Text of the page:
Mortgage rates change based on factors that logically impact financial markets. However, it’s also common for something as disconnected to mortgages as the Coronavirus to move rates too.
2020 is thus far a winning streak for mortgage rates. However, something obscure now adds more downward pressure on home loan rates making for a historically low rate environment. Much like the Soy Bean impact on rates we covered a while back, this too is a rate dropping force many didn’t see coming.
The Coronavirus has not only spread into more regions across the globe, it has crept into the realm of international finance. Despite how unlikely it first appears, the virus is directing traffic on Wall Street in a significant way.
Coronavirus & Wall Street
The economy of today is undoubtedly a globally tethered one. Due to the interweaving dependent connections of complex economies across the globe – what impacts one usually somehow impacts them all.
The spread of the virus into Italy now makes this a European issue and possibly a global issue that could upset the supply chain for months or years to comeKevin Giddis, CFIS Raymond James
The rapidly spreading Coronavirus has given birth to contagious health concerns in many cities. So much so that meaningful portions of the global supply chain have literally shut down. For example:
- 4 of the worlds top 12 economies scrambling to contain virus
- South Korea shut down public buildings, schools & sports events in the industrial area of the Country
Global Scares & US Mortgage Rates
To understand the Cornoavirus’ impact on our home loan rates, first consider how Countries rely on each other. For example, South Korea provides many other nations with cars, machinery and electronic goods. In addition both Japan and China play major roles in the supply chain for many different industries around the world.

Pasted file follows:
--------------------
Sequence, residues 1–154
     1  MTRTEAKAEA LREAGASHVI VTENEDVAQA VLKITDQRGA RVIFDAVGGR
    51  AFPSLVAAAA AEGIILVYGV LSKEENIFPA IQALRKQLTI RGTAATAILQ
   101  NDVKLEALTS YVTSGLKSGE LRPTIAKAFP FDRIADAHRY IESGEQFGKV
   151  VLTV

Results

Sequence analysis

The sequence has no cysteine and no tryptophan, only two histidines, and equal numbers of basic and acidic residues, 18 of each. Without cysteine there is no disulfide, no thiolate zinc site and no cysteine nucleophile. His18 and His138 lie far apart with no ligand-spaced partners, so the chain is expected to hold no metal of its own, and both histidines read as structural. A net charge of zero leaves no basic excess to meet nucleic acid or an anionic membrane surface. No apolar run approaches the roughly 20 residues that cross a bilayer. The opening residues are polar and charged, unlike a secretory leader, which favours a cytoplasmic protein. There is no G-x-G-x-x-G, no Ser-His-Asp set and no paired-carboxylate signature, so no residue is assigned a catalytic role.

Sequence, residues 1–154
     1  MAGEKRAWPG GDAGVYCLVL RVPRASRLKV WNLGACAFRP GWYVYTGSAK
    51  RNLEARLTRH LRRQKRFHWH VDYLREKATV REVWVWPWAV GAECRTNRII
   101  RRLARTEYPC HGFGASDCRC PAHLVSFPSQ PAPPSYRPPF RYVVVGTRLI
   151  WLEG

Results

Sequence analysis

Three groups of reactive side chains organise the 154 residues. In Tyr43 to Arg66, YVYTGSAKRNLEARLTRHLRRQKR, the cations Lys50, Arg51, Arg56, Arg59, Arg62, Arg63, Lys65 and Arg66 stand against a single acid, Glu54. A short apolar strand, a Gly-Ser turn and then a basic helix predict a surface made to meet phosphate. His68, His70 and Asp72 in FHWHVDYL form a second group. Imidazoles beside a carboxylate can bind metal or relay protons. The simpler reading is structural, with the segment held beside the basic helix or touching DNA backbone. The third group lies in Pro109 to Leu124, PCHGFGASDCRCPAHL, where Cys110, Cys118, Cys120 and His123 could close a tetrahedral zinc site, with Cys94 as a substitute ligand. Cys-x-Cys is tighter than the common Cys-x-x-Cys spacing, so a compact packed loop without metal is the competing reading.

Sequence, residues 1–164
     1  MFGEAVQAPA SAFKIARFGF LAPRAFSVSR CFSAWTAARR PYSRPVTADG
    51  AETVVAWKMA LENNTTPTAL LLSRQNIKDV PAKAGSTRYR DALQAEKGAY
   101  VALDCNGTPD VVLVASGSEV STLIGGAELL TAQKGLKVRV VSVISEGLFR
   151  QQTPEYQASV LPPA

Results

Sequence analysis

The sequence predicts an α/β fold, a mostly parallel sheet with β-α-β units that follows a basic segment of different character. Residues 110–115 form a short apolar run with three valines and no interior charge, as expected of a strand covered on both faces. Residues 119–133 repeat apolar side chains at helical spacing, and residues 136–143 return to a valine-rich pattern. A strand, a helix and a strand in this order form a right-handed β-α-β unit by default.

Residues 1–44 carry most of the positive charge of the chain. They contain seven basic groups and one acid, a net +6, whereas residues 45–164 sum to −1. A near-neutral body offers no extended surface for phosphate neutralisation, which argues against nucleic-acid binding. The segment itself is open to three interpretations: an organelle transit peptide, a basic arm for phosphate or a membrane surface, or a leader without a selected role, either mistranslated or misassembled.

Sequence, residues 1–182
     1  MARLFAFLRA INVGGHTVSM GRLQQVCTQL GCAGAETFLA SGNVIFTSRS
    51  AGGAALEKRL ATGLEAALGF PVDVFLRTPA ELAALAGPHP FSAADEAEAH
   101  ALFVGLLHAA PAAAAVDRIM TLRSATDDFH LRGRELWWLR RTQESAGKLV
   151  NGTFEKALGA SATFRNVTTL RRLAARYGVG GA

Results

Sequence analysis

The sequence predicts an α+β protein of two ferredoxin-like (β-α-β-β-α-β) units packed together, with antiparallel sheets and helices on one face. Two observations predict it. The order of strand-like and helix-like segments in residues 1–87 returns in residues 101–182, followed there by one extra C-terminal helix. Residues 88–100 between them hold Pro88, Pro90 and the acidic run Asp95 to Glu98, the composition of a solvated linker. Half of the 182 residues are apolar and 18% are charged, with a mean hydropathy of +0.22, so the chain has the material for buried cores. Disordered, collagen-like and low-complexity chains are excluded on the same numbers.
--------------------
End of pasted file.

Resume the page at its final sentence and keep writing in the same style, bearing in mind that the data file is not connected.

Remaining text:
Next, consider that investing in stock is analogous to betting a company or on the broader scope that an economy will grow. When investors sense risk to that investment they see potential for the stock’s value and their capital vanishing.
Run for Shelter When Stocks are Falling
Investors seek safety from risk and uncertainty. The ultra low return yet virtually no risk bond market provides safety. It’s a shelter from the storm. While things get rough on the high seas, investor’s make sluggish gains in the bond market which beats rapidly losing gobs of cash in an unstable stock market that is fearing global impacts of the Coronavirus.
Finally, when demand and cash both flow from stocks into bonds during a cycle known as a “flight to quality” – bond prices increase. Increased bond prices lead to lower home loan rates. Often, times this scenario is paradoxical. On one hand something not so great is happening while on the other interest rates drop.
In conclusion, the Coronavirus and those imapcted are the most important. An end cannot come too quickly. While we can’t predict these polarized situations, it’s important to learn how they impact financial markets and more specifically home loan interest rates here in the US.